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Building a savings account or investing in stocks?Help me!

Are family has started to make more money and i want to start saving money in a traditional savings. We have no debt but are cars aren't paid off and we rent, no credit card debt or outstanding loans. We have absolutely no money in a savings account. I want to start putting money into one, about 600 per month. However, my husband insists in buying stocks. He says I'm stupid for not wanting to invest when we have money, yet I want to make sure we have a solid back bone savings for if a crisis hits or we have a rainy day. Any thoughts? I'm super worried about my husband gambling all are money away in the stock market.

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Anonymous

Asked by Anonymous at 8:00 PM on Mar. 7, 2011 in Money & Work

Answers (9)
  • I'm a saver and I believe you should never tie up your emergency $. Decided on a certain emergency saving amount you need then when that is reached I'd let him invest $200 a month but save the other $400 in savings. You both compromise....
    lillie70

    Answer by lillie70 at 8:05 PM on Mar. 7, 2011

  • You can never go wrong with a savings. If you are making enough consider both but for me I would prefer a high yield savings account.. less risk.
    KayGia0704

    Answer by KayGia0704 at 8:06 PM on Mar. 7, 2011

  • I would save 6 months of expenses in your saving account and then invest.

    JeremysMom

    Answer by JeremysMom at 8:07 PM on Mar. 7, 2011

  • I'd put the majority in a savings account and if hubby wants to put some in stocks, agree on an amount that he can use in that way. I hope he either knows what he's doing or has a very good, VERY reputable broker. Keep in mind that while money can be made in the stock market, it something happens and it crashes like it did not to long ago, everything can be wiped out completely and/or you could end up owing..(not sure how one ends up owing but I have heard of it)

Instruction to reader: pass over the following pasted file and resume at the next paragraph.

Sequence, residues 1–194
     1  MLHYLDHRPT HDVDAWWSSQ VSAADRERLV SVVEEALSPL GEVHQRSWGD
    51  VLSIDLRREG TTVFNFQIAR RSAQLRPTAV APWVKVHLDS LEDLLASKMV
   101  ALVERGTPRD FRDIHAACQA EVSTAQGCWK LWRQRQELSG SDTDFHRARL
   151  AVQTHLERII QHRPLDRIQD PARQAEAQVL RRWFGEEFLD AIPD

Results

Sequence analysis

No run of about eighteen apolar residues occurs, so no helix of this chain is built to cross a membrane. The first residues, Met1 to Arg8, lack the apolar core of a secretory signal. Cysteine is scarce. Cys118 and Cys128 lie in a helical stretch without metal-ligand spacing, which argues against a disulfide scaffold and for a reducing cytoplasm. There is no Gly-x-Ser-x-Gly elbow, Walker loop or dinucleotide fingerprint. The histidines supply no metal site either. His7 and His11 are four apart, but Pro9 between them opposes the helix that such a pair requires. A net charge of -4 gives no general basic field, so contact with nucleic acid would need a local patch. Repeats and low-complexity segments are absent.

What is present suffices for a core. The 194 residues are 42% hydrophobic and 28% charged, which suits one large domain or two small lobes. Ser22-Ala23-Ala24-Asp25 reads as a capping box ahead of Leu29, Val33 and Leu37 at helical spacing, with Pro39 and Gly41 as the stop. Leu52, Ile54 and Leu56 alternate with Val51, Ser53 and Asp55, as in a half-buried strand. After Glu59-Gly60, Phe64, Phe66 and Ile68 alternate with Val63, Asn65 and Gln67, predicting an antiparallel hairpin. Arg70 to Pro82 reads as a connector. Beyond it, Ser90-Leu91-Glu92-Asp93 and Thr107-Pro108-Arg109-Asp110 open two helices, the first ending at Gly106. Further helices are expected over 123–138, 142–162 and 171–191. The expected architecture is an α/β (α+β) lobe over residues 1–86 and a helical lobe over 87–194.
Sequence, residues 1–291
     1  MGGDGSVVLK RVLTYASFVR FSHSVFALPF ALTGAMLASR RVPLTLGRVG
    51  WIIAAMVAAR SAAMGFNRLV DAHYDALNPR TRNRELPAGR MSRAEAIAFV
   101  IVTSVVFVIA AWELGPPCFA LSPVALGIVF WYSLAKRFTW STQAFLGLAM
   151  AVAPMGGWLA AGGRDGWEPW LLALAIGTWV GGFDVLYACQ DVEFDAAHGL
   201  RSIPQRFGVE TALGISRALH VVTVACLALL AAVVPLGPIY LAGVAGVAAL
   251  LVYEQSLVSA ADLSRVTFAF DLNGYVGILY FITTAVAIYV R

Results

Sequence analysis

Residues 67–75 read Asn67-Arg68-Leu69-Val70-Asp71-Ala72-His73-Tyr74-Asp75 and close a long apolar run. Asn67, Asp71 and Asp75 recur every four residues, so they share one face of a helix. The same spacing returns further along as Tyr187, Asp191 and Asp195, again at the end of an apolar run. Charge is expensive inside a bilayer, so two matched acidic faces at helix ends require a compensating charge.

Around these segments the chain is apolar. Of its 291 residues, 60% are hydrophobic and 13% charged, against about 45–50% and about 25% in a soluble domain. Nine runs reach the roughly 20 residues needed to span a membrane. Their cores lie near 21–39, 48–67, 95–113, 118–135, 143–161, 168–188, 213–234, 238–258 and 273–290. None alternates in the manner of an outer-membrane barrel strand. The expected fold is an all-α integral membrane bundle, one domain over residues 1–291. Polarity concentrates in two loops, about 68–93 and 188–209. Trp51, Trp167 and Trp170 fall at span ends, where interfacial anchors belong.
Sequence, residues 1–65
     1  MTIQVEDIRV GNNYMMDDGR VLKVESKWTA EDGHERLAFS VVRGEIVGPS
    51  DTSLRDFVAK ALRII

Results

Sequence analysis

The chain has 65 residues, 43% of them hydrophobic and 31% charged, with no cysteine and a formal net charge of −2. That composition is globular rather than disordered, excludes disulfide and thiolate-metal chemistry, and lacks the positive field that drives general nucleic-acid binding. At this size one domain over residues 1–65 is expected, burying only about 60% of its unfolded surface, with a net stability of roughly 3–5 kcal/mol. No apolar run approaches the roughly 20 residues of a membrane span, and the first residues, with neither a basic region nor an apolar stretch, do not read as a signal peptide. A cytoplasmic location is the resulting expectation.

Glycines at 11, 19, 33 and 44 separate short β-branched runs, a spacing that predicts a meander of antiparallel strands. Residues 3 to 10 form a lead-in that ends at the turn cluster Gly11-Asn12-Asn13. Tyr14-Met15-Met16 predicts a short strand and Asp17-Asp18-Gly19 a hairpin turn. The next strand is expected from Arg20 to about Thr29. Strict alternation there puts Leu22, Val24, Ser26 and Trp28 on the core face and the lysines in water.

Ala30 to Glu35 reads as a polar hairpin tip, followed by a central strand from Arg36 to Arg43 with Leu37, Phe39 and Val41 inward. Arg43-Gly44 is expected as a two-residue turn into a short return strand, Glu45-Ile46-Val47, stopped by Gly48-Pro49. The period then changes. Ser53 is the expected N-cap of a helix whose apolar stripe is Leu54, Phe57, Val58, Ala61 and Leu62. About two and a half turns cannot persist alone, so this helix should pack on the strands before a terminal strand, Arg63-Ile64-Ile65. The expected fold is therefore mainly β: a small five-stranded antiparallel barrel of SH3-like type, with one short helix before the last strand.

meriana

    Answer by meriana at 8:09 PM on Mar. 7, 2011

  • While you are taking the time to educate yourself on stocks, keep your money in money market accounts.
    rkoloms

    Answer by rkoloms at 8:51 PM on Mar. 7, 2011

  • Definitely put your $ into a savings account and build up a reserve (8 months worth) of living expenses. With today's economy, you need to have at least that much in an emergency fund before you consider putting your dollars anywhere else.
    Anonymous

    Answer by Anonymous at 6:32 AM on Mar. 8, 2011

  • I say split it. Get an ING account for savings and you can also open an investment account with them. You can have the money go directly from your checking to that account . Check it out.
    ING.com
    or

    http://home.ingdirect.com/products/products.asp?s=OrangeSavingsAccount
    itsmesteph11

    Answer by itsmesteph11 at 9:56 AM on Mar. 8, 2011

  • You might want to do a bit of both. While you can make a lot of money investing in stocks, you can also lose a lot of money. And any money invested in stocks isn't easily accessable in an emergency, the way money in a savings account would be.
    HotMama330

    Answer by HotMama330 at 11:43 AM on Mar. 8, 2011

  • Both of you are right- you should save an emergency fund (in a savings account, or a money market account) and you should invest- though probably in mutual funds and not in single stocks.

    If you put all your extra money into the stock market- and something were to happen- job loss, job relocation, unexpected pregnancy, medical bills, car breaking down- anything like that- then you'd have to cash out your stocks (or a mutual fund) which is a super bad idea. The sad thing is, a lot of people find that they can buy stocks when the economy is well, (buying at a high price) but when the economy is down then a lot of people find that they have to cash out.

    The emergency fund is not there to make you money- it's there to save you money. It keeps you from cashing out on your investments when the market is down, and it keeps you from using your credit cards.

    Good luck!
    Erica_Smerica

    Answer by Erica_Smerica at 5:06 PM on Mar. 8, 2011

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